Louise Dimiceli-Mitran is a counselor and music psychotherapist in Chicago. Take a breath and visit her at www.rhythmswithin.com.

What Can’t You Think Without?

There is one thing that molds the shape of our thoughts; something we can’t build buildings or plan days without.  It gets us out of bed in the morning, helps us whip up a meal, make a to­-do list, write an email or fall in love. Movie directors, engineers, artists and construction workers – surgeons, musicians, MBA’s and chefs all use it to create a plan and follow through with their intentions.  Without it, downtown Chicago wouldn’t have been built; your shirt wouldn’t have been designed or the screen you’re reading this on wouldn’t have been conjured up.

Imagery.  We can’t think without it!  We have creative, stream of consciousness, 24-hour images moving through our heads, inspired by a seemingly endless array of sights, sounds, smells and kinesthetic stimulation from our environment. When we sleep, images take the form of dreams delivered in symbols and metaphor blended by our life experiences and shaken into a cocktail of uniquely surreal and perhaps fearful scenarios. We are the products of an incredibly busy brain – a virtual imagery machine.  More about this below, but first: What are images, anyway?

Imagery may be synonymous with pictures or visions to many, but according to the Association for Music and Imagery (AMI) they can also include memories, feelings, and all the senses: what you can hear, smell, touch, taste or see. Images may be fantastic, involving myths or the awareness of flying like an eagle, winning big or falling hard.

Your Inner Landscape

What does this have to do with you?  The images you have of yourself and of others have a deep influence on your mental and physical health.  Researcher Dr. Candace Pert, in her seminal book The Molecules of Emotion, wrote about her discovery of neuropeptides, the molecules that result from our feelings and flow into our immune, neurological and other systems in our bodies. Our thinking changes our chemicals! Think about that. If you constantly beat yourself up with not being enough – smart enough, thin enough, good enough, etc. your body, mind and spirit are flowing with chemicals that correspond with negative feelings.  On the other hand, if you give yourself a break and live with compassion for yourself and others it will be those more positive, healthy chemicals that are swimming through your immune system.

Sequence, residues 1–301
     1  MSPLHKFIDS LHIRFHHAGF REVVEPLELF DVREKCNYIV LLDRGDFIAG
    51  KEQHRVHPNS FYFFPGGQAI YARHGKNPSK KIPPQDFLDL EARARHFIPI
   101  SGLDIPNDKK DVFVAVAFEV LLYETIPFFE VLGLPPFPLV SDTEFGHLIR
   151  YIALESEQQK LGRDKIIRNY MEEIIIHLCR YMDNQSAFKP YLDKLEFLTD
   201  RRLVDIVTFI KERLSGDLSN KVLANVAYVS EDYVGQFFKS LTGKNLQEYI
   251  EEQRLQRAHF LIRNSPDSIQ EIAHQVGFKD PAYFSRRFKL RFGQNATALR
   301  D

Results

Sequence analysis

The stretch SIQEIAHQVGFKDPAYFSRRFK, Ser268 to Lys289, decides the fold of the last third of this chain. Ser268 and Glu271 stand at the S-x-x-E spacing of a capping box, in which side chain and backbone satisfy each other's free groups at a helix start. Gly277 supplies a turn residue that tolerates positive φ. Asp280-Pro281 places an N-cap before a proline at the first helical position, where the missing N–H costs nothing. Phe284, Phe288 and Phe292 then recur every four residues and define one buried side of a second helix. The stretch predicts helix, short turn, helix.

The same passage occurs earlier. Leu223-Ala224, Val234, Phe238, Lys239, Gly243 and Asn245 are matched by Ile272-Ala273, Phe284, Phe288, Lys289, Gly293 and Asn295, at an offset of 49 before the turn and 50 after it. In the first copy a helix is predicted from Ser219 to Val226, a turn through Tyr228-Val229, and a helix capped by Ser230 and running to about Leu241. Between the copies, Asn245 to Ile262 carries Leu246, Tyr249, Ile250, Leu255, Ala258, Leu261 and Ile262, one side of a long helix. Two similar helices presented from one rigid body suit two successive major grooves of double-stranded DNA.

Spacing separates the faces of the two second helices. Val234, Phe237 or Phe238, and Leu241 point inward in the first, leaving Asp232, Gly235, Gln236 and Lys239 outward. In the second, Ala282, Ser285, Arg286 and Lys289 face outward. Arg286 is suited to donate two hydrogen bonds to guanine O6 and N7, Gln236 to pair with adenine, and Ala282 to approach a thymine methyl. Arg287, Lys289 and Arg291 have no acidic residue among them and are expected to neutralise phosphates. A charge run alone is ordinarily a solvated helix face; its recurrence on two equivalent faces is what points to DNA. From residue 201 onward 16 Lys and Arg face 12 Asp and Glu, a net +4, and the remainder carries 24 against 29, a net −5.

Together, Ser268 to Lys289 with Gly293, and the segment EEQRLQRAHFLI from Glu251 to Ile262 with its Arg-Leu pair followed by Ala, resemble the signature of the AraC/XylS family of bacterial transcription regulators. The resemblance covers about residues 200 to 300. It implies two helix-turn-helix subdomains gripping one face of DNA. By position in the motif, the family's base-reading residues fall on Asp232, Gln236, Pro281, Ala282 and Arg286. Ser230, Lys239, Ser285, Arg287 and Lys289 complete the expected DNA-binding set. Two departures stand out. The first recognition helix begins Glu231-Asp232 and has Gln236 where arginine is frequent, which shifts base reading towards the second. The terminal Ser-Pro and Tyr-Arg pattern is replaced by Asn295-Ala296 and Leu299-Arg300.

But how do you make a shift when your feelings always feel like a runaway train?

Try this: Stop. Close your eyes if you can. Take a minute for a slow, deep breath (with the longest exhale you can muster), and check in with what you’re feeling at the moment. If it’s good, take a moment to enjoy it; savor and take in those chemicals!  If you realize you’re thinking something that you’d like to change, take another deep breath. Allow yourself to bring up an image of a place you’d like to be (the beach? Or with someone who loves you unconditionally?). Let yourself be there for a minute. Make a decision to spend a little time with it. Notice the colors, scents, temperature and sounds of being there. Feel the temperature. Notice where the light is coming from.  Feel the air on your skin.  Bring in the images that come to you and savor that.  Breathe it in.  You are now in a new place and your body/mind/spirit will be responding, as well as your neuropeptides.  The challenge is allowing it for yourself and knowing you have the power to change your mind!

Louise Dimiceli-Mitran is a counselor and music psychotherapist in Chicago.  Take a breath and visit her at www.louisedmitran.com.